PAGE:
For physical therapists, it’s important to know what dry needling is, and what it is not. The procedure has come under scrutiny by state regulatory boards, legislatures and agencies, questioning whether or not it is legal and professional for physical therapists to perform. As a physical therapist, you should understand the training required to perform dry needling effectively. You must also be familiar with your facility’s policy regarding this procedure.

What is it?

Dry needling, also known as Intramuscular Manual Therapy (IMT), trigger point needling, and intramuscular needling, is the process of inserting a solid filament needle (rather than a hollow injection needle) into a patient’s skin for the purposes of therapy. Dry needling causes an involuntary muscle twitch that helps relax the trigger point. It is not the same as acupuncture. This is because physical therapists use dry needling solely for the purposes of improving patients’ functioning, rather than for treatments to aid smoking cessation, depression, or chronic pain, etc.

Dry needling can help a physical therapist relieve a patient’s muscular pain, reduce scarring and improve neuromuscular firing problems. The procedure attempts to desensitize myofascial trigger points in the muscles. It can be used by physical therapists to treat the following (including but not limited to):

  • Stress injuries
  • Tendonitis
  • Neck pain and headaches
  • Rotator cuff impingement
  • Carpal tunnel syndrome
  • Sciatica
  • Muscle strains
  • Plantar fasciitis

Considerations

Many state physical therapy boards argue that because the procedure falls within the definition of physical therapy, it is an acceptable treatment. It is still a relatively new procedure performed by physical therapists in the United States.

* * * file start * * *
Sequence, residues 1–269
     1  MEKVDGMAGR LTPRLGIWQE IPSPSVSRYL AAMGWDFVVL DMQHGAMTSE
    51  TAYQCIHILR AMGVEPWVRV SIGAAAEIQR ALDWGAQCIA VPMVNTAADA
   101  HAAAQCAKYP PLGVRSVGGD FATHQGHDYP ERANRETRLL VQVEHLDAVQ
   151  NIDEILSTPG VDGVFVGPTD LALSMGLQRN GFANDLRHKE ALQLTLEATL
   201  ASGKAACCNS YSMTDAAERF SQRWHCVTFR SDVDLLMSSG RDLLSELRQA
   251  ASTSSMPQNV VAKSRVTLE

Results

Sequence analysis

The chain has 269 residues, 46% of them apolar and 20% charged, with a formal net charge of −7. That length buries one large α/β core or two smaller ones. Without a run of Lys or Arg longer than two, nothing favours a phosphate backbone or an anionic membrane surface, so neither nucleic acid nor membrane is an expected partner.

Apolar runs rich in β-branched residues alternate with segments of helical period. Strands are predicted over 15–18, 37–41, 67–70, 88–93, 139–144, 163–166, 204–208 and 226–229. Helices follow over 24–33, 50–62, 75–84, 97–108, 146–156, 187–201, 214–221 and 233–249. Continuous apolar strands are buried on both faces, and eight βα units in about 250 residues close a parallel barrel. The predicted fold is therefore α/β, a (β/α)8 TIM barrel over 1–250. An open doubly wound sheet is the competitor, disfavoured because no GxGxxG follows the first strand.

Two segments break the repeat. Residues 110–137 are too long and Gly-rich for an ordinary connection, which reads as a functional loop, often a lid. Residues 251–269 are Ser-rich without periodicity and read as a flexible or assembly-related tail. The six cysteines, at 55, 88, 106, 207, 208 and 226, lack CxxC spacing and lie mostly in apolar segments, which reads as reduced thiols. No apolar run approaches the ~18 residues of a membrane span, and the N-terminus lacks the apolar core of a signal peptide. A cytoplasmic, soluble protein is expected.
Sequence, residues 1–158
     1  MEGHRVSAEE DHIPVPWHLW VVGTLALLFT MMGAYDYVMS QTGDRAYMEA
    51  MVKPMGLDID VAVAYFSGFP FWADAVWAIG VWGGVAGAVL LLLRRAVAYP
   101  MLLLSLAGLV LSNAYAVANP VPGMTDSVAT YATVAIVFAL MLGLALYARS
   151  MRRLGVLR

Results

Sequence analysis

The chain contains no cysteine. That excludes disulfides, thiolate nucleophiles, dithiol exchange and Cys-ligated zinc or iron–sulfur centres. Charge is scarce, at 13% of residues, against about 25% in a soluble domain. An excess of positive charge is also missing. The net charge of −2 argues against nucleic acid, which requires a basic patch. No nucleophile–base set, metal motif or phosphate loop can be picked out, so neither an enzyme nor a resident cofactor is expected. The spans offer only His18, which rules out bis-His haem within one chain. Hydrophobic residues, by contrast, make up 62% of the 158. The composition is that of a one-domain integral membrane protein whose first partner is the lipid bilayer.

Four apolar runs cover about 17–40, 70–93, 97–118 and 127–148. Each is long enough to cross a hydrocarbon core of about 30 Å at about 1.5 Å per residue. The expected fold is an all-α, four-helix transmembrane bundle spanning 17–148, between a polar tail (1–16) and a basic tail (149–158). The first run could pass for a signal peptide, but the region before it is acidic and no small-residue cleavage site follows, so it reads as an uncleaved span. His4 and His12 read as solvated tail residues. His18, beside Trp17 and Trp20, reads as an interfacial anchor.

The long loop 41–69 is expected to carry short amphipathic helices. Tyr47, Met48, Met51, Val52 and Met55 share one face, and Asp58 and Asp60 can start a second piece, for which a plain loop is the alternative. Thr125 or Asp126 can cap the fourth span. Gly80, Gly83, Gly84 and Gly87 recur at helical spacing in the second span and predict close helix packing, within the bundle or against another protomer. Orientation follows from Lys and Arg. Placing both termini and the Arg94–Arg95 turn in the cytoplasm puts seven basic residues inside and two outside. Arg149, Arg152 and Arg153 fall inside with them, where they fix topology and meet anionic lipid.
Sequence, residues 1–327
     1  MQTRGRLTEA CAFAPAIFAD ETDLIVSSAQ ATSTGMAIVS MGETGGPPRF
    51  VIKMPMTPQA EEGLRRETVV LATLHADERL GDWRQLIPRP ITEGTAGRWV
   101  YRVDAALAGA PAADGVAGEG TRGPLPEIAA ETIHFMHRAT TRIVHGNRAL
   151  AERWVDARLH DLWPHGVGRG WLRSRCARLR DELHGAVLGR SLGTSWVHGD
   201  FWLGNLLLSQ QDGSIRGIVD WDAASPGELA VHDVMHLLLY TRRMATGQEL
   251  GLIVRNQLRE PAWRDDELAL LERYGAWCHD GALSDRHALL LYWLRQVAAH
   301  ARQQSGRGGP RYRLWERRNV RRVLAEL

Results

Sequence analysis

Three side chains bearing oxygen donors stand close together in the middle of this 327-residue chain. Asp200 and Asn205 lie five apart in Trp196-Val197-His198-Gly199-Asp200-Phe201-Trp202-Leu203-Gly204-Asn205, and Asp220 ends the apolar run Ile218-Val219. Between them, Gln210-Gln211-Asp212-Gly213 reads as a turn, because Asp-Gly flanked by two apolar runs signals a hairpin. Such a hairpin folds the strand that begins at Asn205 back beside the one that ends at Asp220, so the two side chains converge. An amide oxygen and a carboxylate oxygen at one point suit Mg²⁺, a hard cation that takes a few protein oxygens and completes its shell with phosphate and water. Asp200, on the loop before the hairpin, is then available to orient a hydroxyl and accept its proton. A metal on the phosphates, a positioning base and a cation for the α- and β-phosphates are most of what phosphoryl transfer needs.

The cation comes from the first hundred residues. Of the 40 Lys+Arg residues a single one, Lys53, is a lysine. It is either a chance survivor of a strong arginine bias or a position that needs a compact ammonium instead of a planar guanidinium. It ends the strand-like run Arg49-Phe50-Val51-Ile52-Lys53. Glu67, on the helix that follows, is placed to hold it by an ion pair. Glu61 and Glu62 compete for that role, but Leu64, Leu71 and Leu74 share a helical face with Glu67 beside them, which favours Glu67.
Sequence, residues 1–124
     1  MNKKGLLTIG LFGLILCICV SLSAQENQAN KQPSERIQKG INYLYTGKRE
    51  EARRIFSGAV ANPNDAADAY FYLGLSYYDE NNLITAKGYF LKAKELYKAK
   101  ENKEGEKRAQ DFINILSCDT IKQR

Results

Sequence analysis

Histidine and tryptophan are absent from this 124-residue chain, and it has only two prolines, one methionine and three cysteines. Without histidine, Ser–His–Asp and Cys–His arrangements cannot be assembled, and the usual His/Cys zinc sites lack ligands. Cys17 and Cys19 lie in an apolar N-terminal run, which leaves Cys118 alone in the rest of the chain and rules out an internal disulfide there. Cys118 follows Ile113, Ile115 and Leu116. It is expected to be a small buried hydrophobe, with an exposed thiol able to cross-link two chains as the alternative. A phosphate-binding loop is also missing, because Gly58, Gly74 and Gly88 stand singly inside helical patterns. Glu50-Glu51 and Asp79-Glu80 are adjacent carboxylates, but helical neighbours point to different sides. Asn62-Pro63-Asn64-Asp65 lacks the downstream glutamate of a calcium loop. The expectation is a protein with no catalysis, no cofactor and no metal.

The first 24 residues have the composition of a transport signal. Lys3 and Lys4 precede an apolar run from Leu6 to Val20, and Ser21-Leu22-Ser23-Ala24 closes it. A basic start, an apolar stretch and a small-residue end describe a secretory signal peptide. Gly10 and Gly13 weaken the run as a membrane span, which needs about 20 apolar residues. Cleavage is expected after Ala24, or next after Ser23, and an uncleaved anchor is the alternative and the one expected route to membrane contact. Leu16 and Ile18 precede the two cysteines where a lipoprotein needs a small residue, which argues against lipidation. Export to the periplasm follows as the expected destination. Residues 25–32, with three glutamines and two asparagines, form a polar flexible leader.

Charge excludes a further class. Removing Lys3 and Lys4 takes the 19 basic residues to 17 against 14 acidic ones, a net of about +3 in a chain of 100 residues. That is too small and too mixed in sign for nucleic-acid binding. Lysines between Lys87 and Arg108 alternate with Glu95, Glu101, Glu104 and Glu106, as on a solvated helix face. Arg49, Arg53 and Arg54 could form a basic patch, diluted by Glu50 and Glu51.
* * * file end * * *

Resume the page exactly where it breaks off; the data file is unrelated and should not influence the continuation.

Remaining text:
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Dry needling may not be appropriate for entry-level physical therapists, and is considered by some state boards to be an advanced skill. It’s important to check the policy at your facility regarding dry needling, and stay up to date with the professional opinion of the American Physical Therapy Association (APTA). You may be required to become credentialed in dry needling to perform this procedure at your practice.

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Dry Needling—What Is It and How Are Therapists Using It In Their Clinics? was last modified: by

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  1. Avatar
    December 5, 2016

    Dry needling may not be appropriate for entry-level physical therapists, and is considered by some state boards to be an advanced skill. It’s important to check the policy at your facility regarding dry needling, and stay up to date with the professional opinion of the American Physical Therapy Association (APTA). You may be required to become credentialed in dry needling to perform this procedure at your practice.

    • Avatar
      December 6, 2016

      Dry Needling is definitely a treatment that requires proper education and skill. Thanks for adding this comment to our article.

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